The year 2020 has wreaked havoc on the real estate industry. With many in-person interactions shuttered or severely restricted, landlords have lost rental income and have had to negotiate rent extensions while tenants navigate the coronavirus pandemic.

In spite of the uncertainty in the sector right now, I scooped up shares of two real estate investment trusts (REITs), STORE Capital (STOR) and Welltower (WELL -0.44%), in April and May when shares were trading at a discount.

COVID-19 is far from beaten at this point, but these two REITs remain on my radar for potential additional investment. 

An older couple sitting at a table in the middle of a yard.

Image source: Getty Images.

1. STORE Capital: A big rally in second-quarter results

Shares of single-tenant commercial property owner STORE Capital were growing fast and flying high headed into March 2020, but unit prices of the REIT took a nearly 60% haircut at one point. In April, STORE was able to collect 68% of base rents, with the rest being deferred, or reach some other sort of agreement during the worst of the economic lockdown.  

But by July, that figure had improved to 85% collection of base rent as some 92% of its properties were open and operating in some capacity again. It certainly doesn't mean STORE is completely out of the woods just yet. As a percentage of base rent, 13.6% of the portfolio relies on restaurants and 4% on movie theaters -- both of which have been hit especially hard and have uncertain futures. An end to the pandemic sooner rather than later would be very welcome news.

Nevertheless, as ugly as spring 2020 was, STORE's revenue from rent still managed to increase 0.3% from a year ago, and revenue overall grew just over 2% to $168 million thanks to extra interest income on loans and financing. Adjusted funds from operations (or FFO, the equivalent of earnings for REITs) did fall 5% from a year ago, but profitability was nonetheless high enough that STORE maintained its quarterly per-share payout of $0.35 -- currently good for an annual yield of 5.5% as units of STORE remain down some 35% from all-time highs.

I expect the recovery for this commercial real estate company to be a slow-moving affair, but long term I like its prospects. One of the effects of the pandemic appears to be a migration out of the densest cities into suburbs, areas that favor STORE's single-tenant business model. And with access to plenty of liquidity to continue acquiring new properties, and debt of just $4.18 billion, I still think this is a rock-solid bet on a slowly recovering U.S. economy with a lucrative dividend payment along the way. I remain a buyer.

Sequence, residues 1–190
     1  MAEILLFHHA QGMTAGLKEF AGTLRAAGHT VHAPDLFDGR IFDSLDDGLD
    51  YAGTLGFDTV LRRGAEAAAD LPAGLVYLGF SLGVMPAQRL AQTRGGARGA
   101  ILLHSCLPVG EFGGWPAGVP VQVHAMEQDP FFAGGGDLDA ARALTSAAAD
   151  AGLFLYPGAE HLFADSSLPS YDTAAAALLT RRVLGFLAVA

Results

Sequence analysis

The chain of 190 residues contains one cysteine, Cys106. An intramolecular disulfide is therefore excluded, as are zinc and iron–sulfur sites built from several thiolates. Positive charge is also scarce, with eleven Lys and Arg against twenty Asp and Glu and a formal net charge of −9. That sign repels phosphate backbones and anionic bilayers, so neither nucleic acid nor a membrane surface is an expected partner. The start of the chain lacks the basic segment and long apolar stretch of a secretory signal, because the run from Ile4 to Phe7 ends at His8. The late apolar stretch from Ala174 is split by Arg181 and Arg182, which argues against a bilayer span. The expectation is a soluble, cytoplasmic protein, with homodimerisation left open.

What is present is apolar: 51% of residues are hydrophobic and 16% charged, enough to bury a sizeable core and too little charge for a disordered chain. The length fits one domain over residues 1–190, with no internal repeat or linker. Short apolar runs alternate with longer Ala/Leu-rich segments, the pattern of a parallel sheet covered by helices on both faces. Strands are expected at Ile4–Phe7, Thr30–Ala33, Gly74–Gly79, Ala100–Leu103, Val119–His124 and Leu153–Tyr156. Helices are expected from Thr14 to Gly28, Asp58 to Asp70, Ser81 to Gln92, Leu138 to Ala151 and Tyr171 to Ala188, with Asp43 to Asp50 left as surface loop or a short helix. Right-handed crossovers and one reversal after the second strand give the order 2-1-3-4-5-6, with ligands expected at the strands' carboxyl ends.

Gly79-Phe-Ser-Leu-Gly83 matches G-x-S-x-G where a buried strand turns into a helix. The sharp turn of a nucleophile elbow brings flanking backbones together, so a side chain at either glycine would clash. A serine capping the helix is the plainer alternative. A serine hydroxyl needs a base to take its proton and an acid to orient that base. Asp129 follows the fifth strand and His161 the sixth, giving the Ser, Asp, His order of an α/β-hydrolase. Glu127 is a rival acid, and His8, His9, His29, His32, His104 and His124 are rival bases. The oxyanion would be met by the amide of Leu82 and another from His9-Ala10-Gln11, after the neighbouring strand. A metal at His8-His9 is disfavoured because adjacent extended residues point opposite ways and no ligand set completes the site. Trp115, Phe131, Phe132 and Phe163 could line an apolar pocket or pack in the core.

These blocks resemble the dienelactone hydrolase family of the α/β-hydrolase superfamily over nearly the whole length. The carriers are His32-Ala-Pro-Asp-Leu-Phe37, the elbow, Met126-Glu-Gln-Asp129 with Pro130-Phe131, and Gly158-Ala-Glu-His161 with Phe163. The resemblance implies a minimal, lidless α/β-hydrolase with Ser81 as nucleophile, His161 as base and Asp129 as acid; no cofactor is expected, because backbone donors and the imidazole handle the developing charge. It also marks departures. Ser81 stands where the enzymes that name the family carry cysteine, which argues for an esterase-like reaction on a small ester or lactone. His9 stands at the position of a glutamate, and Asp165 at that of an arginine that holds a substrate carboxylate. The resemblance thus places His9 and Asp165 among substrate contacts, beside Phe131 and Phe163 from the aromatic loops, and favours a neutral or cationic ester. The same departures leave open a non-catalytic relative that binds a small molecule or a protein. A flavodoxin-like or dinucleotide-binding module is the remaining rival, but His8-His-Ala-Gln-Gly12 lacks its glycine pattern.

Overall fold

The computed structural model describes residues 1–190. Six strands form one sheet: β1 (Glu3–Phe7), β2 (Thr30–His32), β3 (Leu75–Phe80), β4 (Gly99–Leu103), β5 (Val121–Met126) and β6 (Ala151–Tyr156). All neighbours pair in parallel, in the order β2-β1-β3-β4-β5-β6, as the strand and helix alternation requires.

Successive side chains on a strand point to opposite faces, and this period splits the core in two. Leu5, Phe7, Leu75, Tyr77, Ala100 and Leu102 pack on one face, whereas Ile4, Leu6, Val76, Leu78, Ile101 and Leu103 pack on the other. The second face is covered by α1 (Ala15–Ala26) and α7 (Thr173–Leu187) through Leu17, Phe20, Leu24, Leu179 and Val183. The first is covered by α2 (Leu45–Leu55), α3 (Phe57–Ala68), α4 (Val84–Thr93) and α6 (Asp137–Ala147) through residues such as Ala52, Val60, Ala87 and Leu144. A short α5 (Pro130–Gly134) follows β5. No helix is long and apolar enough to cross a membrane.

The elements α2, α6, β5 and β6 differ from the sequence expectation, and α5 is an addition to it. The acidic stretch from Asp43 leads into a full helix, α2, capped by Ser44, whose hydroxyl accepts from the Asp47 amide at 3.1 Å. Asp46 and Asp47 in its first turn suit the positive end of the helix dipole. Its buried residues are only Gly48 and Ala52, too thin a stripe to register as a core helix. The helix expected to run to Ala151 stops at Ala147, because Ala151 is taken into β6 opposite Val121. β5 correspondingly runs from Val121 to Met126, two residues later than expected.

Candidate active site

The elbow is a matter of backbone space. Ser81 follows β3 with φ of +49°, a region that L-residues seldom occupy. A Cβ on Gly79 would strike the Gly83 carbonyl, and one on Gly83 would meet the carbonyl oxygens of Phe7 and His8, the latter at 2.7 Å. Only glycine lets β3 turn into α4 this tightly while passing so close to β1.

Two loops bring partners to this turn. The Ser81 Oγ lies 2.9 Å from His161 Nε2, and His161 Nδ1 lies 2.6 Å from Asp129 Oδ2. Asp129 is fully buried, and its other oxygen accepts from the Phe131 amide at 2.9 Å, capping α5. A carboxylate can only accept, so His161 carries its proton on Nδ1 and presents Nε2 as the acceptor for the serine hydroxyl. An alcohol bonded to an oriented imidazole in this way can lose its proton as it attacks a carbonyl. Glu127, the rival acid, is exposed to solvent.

2. Welltower: Healthcare properties in duress

Though much more of a necessity than retail-oriented real estate, healthcare properties have also been deeply impacted during the pandemic. And a pivot toward telemedicine during shelter-in-place orders doesn't bode well for traditional in-person basic care in the coming years. But with a population expected to continue aging for the foreseeable future, senior housing and care will be in demand for a long time. 

Even though senior care facilities have faced controversy in recent months, I decided to take a position in the largest senior care facility real estate owner Welltower in May. It isn't mounting the same kind of recovery as STORE, and it made a dividend cut to help shore up cash. But the REIT is still good for an annual yield of 4.3% as units of the property owner are down 32% year to date.

The story here is that move-outs are exceeding move-ins as social distancing and other ongoing worries regarding the pandemic continue. Occupancy at Welltower's properties declined to 79.4% in July, down from 85.8% right before COVID-19. By the end of the summer, management said to expect occupancy to end somewhere in the high 70% range. The rate of decline is slowing, though, tumbling just 0.7% in July versus a 2.2% decline in April. And with movement restrictions easing, Welltower is on track to offset the move-out tide.  

With its payout to shareholders reduced, collected rents close to 100% again, and access to plenty of liquidity, Welltower is in decent shape. Revenue declined 10% in Q2 2020 to $1.19 billion, and adjusted FFO was down 15% to $361 million, but the dividend payout ratio stood at just 71% of adjusted FFO during the quarter. This will be another recovery story that will move in fits and starts, but the dividend is currently safe and the long-term outlook for Welltower's target industry is good. This REIT also remains on my buy list after its last business update.